While improving the City of Socorro’s infrastructure tops the list of Ravi Bhasker’s priorities as he begins his eighth term as mayor, buying out Socorro Electric Cooperative is also on his to-do list.
“I am going to go after the Co-op,” Bhasker said. “I’m going to get our lawyers, Nann Winter, get our consultants. We’re going to get those guys and go after the Co-op.”
Bhasker said he has heard the Co-op’s employees have unionized.
“I hear the manager’s (General Manager Joseph Herrera) been using my name saying we’re going to fire everybody if the city takes over,” Bhasker said
He said that is not the case.
“If we take over the Co-op, we’re going to need people to run that,” Bhasker said. “We’re going to job it out. We’re going to get them to come over here. We’re going to contract out to people who know what they’re doing.”
He said one of his main efforts will be to dissolve the Co-op in “in its entirety, that includes the rural areas.”
The City would provide service to the rural areas.
“We’re going to provide them with alternative and cheaper electricity,” Bhasker said. “I understand PNM is in the process of closing down the coal plant up there in the northwest.”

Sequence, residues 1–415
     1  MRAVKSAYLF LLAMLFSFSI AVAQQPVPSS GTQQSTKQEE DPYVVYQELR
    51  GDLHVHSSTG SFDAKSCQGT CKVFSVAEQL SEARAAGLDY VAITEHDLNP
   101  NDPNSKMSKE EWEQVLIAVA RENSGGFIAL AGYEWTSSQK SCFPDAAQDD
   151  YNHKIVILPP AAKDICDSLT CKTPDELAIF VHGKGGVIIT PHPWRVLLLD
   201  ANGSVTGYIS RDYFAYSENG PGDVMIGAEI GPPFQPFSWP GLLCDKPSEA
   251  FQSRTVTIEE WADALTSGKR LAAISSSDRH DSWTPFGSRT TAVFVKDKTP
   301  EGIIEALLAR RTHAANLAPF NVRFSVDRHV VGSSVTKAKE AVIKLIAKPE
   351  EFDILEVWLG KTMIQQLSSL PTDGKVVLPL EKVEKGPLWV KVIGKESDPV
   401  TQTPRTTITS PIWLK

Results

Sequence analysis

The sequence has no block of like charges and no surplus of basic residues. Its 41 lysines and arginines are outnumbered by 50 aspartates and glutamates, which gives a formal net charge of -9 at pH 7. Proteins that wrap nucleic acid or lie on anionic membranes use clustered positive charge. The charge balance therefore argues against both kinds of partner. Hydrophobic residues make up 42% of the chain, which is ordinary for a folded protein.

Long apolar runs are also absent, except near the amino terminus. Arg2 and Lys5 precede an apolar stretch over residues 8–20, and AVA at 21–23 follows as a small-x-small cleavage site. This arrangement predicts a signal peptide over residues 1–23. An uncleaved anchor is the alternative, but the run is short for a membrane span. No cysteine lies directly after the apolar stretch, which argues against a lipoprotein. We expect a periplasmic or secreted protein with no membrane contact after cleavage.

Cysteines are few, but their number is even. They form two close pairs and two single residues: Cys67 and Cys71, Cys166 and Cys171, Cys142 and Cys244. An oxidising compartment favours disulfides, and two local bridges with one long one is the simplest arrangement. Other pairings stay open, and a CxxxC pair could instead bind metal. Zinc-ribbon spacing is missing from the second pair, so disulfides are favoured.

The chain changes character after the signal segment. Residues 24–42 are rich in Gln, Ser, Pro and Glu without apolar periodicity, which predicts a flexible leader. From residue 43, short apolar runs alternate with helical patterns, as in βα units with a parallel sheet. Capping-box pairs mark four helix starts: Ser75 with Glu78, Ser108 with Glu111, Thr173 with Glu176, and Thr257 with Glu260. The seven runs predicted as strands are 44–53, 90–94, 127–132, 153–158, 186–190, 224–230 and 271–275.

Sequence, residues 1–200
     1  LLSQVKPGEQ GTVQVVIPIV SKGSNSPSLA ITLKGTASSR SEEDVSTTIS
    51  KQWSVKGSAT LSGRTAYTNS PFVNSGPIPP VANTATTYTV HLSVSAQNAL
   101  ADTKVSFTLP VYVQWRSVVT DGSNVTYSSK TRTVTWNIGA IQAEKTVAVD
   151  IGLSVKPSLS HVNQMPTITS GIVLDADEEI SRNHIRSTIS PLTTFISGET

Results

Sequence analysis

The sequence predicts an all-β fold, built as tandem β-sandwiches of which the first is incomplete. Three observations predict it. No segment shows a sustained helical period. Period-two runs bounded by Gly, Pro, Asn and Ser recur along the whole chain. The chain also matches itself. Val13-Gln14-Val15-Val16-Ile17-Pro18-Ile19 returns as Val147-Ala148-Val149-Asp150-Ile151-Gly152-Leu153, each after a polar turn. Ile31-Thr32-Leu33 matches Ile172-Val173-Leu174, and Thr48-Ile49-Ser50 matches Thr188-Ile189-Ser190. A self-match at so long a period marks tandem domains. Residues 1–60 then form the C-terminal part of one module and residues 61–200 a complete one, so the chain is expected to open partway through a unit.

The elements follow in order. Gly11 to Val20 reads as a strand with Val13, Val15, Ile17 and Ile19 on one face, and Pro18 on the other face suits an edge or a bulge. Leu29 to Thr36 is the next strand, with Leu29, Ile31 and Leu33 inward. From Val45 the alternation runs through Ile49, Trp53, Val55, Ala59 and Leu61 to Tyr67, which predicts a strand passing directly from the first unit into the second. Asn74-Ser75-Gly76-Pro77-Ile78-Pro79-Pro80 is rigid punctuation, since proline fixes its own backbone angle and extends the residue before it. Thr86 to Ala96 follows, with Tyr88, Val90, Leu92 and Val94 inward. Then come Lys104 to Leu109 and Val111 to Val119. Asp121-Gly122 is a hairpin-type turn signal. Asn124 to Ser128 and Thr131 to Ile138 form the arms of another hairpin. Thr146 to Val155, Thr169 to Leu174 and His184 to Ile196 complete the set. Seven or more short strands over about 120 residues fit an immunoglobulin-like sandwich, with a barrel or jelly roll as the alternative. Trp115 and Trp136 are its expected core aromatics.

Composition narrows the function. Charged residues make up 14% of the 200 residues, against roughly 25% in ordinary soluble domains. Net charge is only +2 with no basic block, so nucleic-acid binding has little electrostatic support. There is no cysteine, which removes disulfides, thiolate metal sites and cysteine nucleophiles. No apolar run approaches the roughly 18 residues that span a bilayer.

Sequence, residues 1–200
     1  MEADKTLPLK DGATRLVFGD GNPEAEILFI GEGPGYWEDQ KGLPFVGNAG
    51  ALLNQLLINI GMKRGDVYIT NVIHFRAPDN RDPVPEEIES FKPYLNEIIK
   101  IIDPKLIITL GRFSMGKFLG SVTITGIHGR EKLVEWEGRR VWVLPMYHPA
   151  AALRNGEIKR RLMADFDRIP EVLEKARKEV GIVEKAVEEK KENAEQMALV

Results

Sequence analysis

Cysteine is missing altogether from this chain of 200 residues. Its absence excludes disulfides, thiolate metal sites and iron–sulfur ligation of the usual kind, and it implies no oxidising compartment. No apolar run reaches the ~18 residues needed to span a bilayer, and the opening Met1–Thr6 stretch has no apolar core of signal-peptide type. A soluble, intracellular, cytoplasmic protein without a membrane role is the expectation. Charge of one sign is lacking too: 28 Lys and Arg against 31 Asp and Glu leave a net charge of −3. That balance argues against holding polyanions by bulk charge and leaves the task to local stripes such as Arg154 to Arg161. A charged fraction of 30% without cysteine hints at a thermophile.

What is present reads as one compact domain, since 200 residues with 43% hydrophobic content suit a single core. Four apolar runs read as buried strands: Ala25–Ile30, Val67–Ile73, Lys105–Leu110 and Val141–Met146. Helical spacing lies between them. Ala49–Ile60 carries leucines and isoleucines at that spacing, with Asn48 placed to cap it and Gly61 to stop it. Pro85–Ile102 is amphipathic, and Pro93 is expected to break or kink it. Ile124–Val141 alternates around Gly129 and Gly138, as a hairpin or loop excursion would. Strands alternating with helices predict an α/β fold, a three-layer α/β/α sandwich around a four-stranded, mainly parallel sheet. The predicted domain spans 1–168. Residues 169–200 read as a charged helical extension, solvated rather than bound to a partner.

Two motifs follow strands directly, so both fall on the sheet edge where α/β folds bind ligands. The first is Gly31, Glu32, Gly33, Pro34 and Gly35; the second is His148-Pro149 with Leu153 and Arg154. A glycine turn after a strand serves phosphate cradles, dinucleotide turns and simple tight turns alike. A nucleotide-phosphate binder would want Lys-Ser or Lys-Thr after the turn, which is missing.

PNM is in the process of closing down the San Juan Generating Station near Farmington. Tri-State Generation and Transmission – which supplies the SEC – owned a share in one of the units at the plant, but that unit was scheduled to be shut down last December.
Bhasker concedes the issue could be decided in court.
He said City of Socorro Chief Procurement Officer/IT Director Polo Pineda is the City’s “point man” in the effort.
Buying out the Co-op was one of the options Bhasker presented to the SEC Board of Trustees at its meeting last July.
If the Board rejects the buyout offer, Bhasker told The Chieftain at the time that the City was prepared to go ahead on its own and establish an electric utility on a limited basis. It would serve users in the industrial park area along Highway 60 and possibly New Mexico Tech.
He said substations will be put throughout the town. Bhasker said contracts would be offered to users.
Bhasker said the users would be assured of reliable service. They would be offered a price for electricity use.
Bhasker said the city’s system would cost about $5 million to build. He said it would be financed through revenue bonds.
If the City were to take over the SEC, Bhasker said at the time that the City Council would serve in the role Co-op’s board of trustees serves.
Bhasker said the city could save as much as $1 million in interest and administrative costs. He cited statistics that has Herrera making as much as $235,000 per year, and the top two linemen making more than $100,000 per year.